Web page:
Nishiki Market (錦市場)

Saturday, 30 December 2017

Instead of eating a simple bento for breakfast on our second day, we went to have brunch at Nishiki Market (錦市場), a five-block shopping street lined with all sorts of eateries and food stands selling fresh produce, seafood, meat, condiments, desserts and even Japanese sake. We were there at around 10:30am and luckily, it wasn't too busy.

Nishiki Market is also known as "Kyoto's Kitchen", but unfortunately Sharon and I weren't particularly impressed by the market at all. The food we had was average and the shop vendors were not very friendly. In fact, many of them were quite opposed to people taking photographs. At such a popular tourist attraction that's so open, you'd think they're used to foreigners by now. We're not talking about a museum here! (Nonetheless, we respected them and asked whenever we wanted to take photographs.)

Soy bean okara-fibre croquettes: It had a nice crispy outer texture and a smooth mashed potato-like filling. However, I couldn't really taste any "soy bean".

Tofu sashimi: This was absolutely amazing. Cool, refreshing (hence the name "sashimi") and so silky smooth. Our most favourite dish at the market!

Soy milk doughnuts: One of the most recommended dishes at the market, but I have no idea why it's recommended. (Maybe it's because you don't find "soy milk" doughnuts very often.) However, the doughnuts we had were dry and had no "soy" taste. Do pass on this one if you want to make room to stomach other foods.

Grilled scallops: We thought the vendor would've at least grilled the scallops again upon purchase, but she simply handed stick of scallops that was on the table. Therefore, it was cold when we ate it but nonetheless very juicy.

Fried and grilled eel: We wanted a stick of both grilled and fried eel (which apparently, was his second and third best seller). However, the owner of this unagi shop was really pushing us to purchase the best seller, which was unagi in a tempura batter. Although we politely declined—because we didn't want too much fried stuff—it felt like he was judging us as a foreigner and made us feel bad for our purchase by reiterating what we should buy. I mean, he didn't even make so many comments to other customers yet he was being nosy with us! #ugh #itsmymoney But regardless of his service and attitude, the unagi we ended up buying (to our liking) was great and nothing like we've ever had before.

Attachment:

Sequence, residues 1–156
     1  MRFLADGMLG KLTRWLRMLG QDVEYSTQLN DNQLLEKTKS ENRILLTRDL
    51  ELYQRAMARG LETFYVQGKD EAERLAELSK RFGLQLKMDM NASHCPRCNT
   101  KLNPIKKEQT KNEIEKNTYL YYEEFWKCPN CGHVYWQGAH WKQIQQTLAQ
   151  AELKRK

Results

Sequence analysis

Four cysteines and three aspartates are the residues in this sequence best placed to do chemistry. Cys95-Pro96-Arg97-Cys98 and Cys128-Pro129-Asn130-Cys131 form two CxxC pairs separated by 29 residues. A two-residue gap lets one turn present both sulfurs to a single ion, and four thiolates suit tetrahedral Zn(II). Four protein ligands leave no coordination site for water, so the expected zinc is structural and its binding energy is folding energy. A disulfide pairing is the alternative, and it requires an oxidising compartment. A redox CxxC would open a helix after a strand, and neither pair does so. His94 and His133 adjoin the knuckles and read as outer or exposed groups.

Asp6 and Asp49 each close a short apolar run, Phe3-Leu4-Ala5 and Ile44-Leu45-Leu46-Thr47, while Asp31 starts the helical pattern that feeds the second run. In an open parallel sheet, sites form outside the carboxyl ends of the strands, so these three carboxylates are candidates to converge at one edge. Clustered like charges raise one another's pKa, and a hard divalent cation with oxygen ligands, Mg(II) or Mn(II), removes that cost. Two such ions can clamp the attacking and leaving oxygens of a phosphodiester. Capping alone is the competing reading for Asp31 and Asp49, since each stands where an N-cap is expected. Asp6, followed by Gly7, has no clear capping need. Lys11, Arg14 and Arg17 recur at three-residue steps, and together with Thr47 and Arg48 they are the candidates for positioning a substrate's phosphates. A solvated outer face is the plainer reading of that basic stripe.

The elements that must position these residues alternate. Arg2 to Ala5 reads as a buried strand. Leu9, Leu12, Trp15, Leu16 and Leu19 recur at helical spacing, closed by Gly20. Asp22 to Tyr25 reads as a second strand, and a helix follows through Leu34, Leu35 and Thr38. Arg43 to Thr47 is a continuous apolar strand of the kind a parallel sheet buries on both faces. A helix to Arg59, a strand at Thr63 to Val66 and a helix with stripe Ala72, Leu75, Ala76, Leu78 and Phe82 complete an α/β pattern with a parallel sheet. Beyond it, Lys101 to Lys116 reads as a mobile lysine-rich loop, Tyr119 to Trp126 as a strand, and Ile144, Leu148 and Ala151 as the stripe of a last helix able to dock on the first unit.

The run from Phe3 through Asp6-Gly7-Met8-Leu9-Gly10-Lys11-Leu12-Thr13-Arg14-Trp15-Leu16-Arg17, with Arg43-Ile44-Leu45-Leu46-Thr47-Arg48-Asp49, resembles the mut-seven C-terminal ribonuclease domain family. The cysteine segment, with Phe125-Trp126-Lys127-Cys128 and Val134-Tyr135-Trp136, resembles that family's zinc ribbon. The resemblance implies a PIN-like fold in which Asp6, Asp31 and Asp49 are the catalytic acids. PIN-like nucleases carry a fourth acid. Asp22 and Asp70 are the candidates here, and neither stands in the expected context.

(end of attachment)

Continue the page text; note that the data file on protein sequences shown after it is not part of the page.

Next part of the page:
Fish cake: You can't go wrong with fish cake ;)

Omi beef: While ¥1,000 (~AUD$12) is pretty steep for a stick of meat, it was juicy, tender and tasty. Along with Kobe beef and Matsusaka beef, omi beef is considered one of the top three wagyu beef in Japan so I'm glad to have tried it :)

Matcha mochi: Mochi in Kyoto is very different to what the norm is in Sydney because it's actually warabimochi. Unlike normal mochi which is made from glutinous rice, warabimochi has a tender jelly-like texture and is not chewy at all. It's almost transparent in colour (although this one was a bit darker) with strong tea taste and a hint of sweetness.

Grapefruit juice: As much as I love grapefruit, I don't think it was worth paying ~AUD$6 for juice—especially when you don't get very much liquid content.

I was really looking forward to visiting Nishiki Market, but it failed to meet our expectations. Many of the shop owners were unfriendly, unlike what you would expect from Japanese people, and they had a rather poor range of food (especially seafood). However, as a popular attraction of Kyoto for food, I still think it's worth visiting for the food but definitely not a must.

Nishiki Market (錦市場)
609 Tomikouji Tori Shijo-Noboru Nishidaimonji-cho, Nakagyo Ward, Kyoto 604-0000
604-0000 京都市 中京区 富小路通四条上る西大文字町609

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